Sunday, November 22, 2009
Bill Greggs Testimony at Congressional Hearing on TSCA Chemical Control
This is a continuation of my series taking a closer look at the November 17, 2009 Congressional hearings on "Prioritizing Chemicals for Safety Determination." Earlier I gave an overall summary. Today I look at the testimony of William (Bill) Greggs, who is now a private Chemical and Environmental Policy Consultant but for 37 years was a chemical engineer and global chemical policy expert with the Procter & Gamble Company. Greggs was testifying on behalf of three processor and user organizations, namely the Consumer Specialty Products Association (CSPA), the Grocery Manufacturers Association (GMA), and the Soap and Detergent Association (SDA).
Greggs noted that "CSPA, GMA and SDA are committed to manufacturing and marketing safe and innovative products." He emphasized that the organizations agree that TSCA needs to be modernized and that it is critical that there be "development of a mechanism by which EPA will prioritize existing chemicals for review and assessment." He believes that "a priority setting process developed by Congress must be risk-based, taking into account both a chemical's hazards and potential exposures. Chemicals identified as the high priorities should be those substances with both the highest hazards and the highest potential exposures." (emphasis in original)
He noted that the three organizations have "collaborated with various industry representatives on the development of a risk-based and efficient tool that EPA can use to prioritize chemical substances." They recommend a framework that accounts for increasing levels of hazard on one axis and increasing levels of exposure on the other axis. On the hazard axis the criteria could include whether the substance was a carcinogen, mutagen or reproductive toxicant (CMR) or persistent, bioaccumulative and toxic (PBT), as well as others. For exposure axis the indicators could include the use pattern of the chemical, its biomonitoring findings (e.g., the CDC data), industrial releases as reported through the Toxics Release Inventory (TRI), and whether the chemical is found in water or the air.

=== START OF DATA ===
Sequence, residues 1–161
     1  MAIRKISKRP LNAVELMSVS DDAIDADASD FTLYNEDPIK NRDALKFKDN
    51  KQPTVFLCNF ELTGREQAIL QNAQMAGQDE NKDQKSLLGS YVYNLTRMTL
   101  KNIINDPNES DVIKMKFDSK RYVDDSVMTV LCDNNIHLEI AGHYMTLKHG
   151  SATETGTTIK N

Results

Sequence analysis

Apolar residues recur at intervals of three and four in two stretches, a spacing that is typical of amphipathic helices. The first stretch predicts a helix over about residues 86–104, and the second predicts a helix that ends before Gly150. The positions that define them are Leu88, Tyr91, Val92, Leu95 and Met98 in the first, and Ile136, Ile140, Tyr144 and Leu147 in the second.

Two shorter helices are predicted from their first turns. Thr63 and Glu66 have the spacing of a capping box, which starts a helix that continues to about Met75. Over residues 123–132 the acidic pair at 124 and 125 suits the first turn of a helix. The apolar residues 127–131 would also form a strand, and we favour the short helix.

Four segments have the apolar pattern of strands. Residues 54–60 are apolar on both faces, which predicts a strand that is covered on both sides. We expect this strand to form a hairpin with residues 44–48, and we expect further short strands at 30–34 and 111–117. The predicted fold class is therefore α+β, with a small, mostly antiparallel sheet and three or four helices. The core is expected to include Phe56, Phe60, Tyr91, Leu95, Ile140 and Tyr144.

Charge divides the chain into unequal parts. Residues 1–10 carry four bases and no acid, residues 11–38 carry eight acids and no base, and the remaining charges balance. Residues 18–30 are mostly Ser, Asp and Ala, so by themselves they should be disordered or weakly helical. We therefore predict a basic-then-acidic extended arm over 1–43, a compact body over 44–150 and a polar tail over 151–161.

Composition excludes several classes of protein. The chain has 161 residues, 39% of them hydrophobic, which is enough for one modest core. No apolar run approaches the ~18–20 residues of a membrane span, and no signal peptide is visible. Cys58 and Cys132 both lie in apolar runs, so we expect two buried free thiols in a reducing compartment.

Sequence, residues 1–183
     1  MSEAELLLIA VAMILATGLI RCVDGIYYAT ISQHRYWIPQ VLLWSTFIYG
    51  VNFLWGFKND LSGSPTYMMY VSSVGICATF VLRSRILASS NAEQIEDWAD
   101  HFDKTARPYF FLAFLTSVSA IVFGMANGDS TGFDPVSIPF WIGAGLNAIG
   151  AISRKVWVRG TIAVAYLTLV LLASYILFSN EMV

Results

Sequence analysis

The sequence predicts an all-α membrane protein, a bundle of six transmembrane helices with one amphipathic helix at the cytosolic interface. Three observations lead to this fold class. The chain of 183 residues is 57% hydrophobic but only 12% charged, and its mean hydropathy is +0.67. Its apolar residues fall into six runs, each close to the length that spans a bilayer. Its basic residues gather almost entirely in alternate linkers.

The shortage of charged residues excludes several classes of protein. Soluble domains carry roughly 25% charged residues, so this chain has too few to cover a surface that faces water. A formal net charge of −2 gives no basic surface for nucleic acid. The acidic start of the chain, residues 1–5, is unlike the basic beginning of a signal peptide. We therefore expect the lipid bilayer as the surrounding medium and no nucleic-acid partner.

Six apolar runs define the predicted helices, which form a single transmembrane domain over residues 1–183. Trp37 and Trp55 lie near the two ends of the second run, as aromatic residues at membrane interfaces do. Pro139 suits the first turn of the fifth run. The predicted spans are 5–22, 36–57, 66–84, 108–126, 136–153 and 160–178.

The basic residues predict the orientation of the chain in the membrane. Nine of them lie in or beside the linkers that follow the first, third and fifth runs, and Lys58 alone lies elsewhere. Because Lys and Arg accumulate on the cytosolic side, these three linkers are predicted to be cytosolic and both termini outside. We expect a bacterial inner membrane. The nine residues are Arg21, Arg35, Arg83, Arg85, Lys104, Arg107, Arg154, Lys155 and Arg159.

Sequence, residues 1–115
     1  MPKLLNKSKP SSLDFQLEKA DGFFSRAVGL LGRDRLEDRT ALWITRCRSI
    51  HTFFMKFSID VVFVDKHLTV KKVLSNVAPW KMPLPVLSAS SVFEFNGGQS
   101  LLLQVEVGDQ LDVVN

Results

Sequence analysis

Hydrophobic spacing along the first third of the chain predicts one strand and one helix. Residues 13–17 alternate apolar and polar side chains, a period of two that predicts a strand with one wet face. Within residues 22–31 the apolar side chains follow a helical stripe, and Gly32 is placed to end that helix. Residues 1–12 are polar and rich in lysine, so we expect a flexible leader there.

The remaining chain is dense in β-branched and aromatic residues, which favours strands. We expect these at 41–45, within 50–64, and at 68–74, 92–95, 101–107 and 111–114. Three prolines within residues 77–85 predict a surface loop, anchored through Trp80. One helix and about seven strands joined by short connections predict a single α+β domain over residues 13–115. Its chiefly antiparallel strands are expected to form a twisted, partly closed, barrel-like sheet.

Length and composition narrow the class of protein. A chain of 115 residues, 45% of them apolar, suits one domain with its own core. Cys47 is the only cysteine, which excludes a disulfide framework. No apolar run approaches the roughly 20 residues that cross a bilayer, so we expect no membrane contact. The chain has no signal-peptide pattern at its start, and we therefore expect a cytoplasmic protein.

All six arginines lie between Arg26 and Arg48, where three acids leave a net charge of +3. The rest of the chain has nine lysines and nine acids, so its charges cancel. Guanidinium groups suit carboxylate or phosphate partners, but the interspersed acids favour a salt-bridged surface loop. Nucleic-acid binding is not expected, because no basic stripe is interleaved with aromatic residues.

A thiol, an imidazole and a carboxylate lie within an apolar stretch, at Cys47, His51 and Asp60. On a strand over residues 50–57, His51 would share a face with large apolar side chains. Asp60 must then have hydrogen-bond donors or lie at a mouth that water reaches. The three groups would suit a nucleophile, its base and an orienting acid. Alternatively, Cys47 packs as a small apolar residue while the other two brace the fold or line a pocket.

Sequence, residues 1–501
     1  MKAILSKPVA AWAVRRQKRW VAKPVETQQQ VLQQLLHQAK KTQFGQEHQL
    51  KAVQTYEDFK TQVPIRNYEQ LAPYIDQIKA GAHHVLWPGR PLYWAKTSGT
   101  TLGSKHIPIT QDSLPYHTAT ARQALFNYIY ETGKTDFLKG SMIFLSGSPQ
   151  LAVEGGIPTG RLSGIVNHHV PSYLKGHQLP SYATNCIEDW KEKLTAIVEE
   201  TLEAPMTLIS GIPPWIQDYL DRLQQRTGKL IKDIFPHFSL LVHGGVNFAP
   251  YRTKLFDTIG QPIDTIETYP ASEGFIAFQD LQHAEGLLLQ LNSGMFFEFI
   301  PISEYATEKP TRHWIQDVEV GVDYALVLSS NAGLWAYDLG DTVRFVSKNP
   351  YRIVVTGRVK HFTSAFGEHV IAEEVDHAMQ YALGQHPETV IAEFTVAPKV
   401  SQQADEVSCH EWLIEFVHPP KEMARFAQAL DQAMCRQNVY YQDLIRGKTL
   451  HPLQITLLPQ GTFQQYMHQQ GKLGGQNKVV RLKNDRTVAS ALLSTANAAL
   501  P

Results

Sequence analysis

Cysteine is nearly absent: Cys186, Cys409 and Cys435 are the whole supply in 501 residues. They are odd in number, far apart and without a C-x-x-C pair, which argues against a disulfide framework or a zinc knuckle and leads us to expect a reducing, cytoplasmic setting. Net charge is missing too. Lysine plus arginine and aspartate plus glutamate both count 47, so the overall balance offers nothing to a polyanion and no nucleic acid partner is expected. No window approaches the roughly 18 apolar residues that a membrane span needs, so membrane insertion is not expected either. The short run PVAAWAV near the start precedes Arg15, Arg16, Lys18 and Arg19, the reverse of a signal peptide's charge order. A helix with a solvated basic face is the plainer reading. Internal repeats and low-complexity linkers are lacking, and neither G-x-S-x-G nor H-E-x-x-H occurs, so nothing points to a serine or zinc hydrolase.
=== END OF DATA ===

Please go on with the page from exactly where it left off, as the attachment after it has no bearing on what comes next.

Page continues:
The belief is that this process would identify the chemicals with greatest potential risk for prioritized review. Greggs asserted that stakeholders must be allowed to review and comment on the draft assessments, and that they must be given the opportunity to "provide additional information enabling a more informed decision or to remedy erroneous results of the priority setting process." He noted that "this is a critical component Congress must include that will significantly improve the results of this very important exercise."
Greggs felt that "done properly, this priority setting process would rank all chemicals from highest to lowest in a relatively short period of time." He noted that "the complete priority setting process will take EPA some time to accomplish," and therefore he encouraged Congress "to develop an additional mechanism that will enable EPA to identify the chemicals of highest priority for immediate assessment." To accomplish this, he recommended a process "that would require EPA to screen the data from the most recent Inventory Update Rule (IUR) submissions to identify chemicals that have the highest hazards and highest potential exposures. (emphasis in original) Through this process he believes "EPA could identify 50 to 100 chemicals that could quickly move into EPA's safety assessment process while the Agency works on prioritizing the remaining chemicals in commerce" using the tool described above.
Tomorrow I will take a look at the testimony of Beth Bosley, a consultant for the Society of Chemical Manufacturers and Affiliates (SOCMA).